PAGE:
Originally published in the July 20th edition of the Union Leader, Dr. Burstein was kind enough to give Central New Hampshire VNA & Hospice permission to reprint the following article.
My father died when he was 53 years old, nine days after becoming suddenly ill. That was 32 years ago, and the experience still haunts me. As a physician, I felt helpless in the face of a mysterious illness that was out of control, and I did not anticipate the events that subsequently led to his tragic demise. For months afterward, I questioned myself and the decisions our family made on his behalf as he slipped away from us; mostly I regret not having had the chance to talk with him more about the important things that matter between a father and a son. I learned that it is never too early to share feelings with loved ones and to plan for how we will care for each other when we rely on others to protect us, to assure the best care, and to protect us from needless suffering. Most people lose the ability to speak on their own behalf at some point during their life. Whereas 90 percent of people feel it is important to talk with their doctor about the kind of care they would want at the end of life, fewer than 10 percent actually have this conversation. While making health care decisions can be difficult in the best of circumstances, making decisions for others is more complicated.
Most people believe that their doctors and their family know what kind of care they would want, but studies show that doctors and family members are often uninformed and experience distress when decisions are needed. This distress can last for many months after the death of a loved one and is completely preventable with skilled advance care planning.
Advance care planning is simply planning in advance for the kind of care you would want. When done well, it gives you control over the kind of care you would receive and should be based on what matters most to you. Advance care planning can result in your creating an advance directive, in which you name an “agent” to speak for you if you cannot speak for yourself. It also allows you to document the types of health care you do and do not want, particularly if you experience what you consider to be a bad health outcome. The simple act of creating an advance directive can turn out to be an incredible gift for loved ones in the event of an accident or severe illness.
Despite recent gains in public awareness of the need for advance care planning, only 37 percent of New Hampshire residents have an advance directive. Even amongst those with an advance directive, there is no guarantee that decisions are known or that they will be honored. Advance directives are only as good as the process of advance care planning, and are best done when you understand your choices, reflect on lessons learned from life experiences, and discuss with your health care agent what in life matters most to you.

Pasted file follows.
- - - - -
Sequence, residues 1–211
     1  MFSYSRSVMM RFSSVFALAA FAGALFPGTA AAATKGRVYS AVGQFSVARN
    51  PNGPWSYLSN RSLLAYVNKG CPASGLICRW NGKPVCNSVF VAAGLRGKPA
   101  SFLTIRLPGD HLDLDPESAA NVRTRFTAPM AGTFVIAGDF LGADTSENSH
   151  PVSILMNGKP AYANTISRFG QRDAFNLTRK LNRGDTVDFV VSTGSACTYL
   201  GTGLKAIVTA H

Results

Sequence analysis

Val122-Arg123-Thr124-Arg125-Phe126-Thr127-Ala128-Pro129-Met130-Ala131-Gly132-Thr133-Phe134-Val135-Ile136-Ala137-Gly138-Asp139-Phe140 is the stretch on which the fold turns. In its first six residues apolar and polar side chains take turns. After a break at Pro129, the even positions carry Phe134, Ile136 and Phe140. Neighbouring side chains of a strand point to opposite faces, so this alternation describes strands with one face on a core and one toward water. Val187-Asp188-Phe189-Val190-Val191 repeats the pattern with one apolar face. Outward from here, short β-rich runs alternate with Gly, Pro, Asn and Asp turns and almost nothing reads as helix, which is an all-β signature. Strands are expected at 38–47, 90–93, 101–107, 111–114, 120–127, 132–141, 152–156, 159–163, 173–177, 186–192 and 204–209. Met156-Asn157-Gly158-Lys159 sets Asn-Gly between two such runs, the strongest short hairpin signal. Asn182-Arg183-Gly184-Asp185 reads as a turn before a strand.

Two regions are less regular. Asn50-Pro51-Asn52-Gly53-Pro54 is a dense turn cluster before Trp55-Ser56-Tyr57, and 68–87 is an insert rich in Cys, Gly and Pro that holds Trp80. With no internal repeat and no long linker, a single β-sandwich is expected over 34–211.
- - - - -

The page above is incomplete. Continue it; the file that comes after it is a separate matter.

Advance care planning is also only as good as a system that promotes good conversations, and that ultimately honors decisions that are well informed and based on personal goals and values. Even with the best of intentions, good doctors do not take the time needed to have these conversations with their patients. Simply filling out an advance directive form is inadequate and ineffective without a good conversation, which can be done by physicians, nurses, social workers, chaplains or even volunteers who are trained in the skills of advance care planning. Medicare is now recognizing the value of a good conversation and has taken steps in the direction of promoting this important work. We have an obligation to make sure that these conversations are done well and that we honor our patient decisions.
Honoring Care Decisions, a new program at Dartmouth-Hitchcock, is working with a team of physicians, nurses, social workers, chaplains, volunteers and community groups to improve this process. I encourage everyone to find someone who is willing and able to speak on your behalf for the time when you won’t be able to; it will happen, so please take the time to plan in advance. To start the conversation, check out http://theconversationproject.org/ or https://www.prepareforyourcare.org/ or play the conversation game http://mygiftofgrace.com/.
Discuss what matters most to you with someone you trust, and share how you would want to be treated based on your own personal goals and values. It may be one of the most rewarding experiences you have; if not for yourself, do it for your loved ones.
Dr. Sanders Burstein is medical director of Dartmouth-Hitchcock Nashua and medical director of D-H’s Honoring Care Decisions initiative.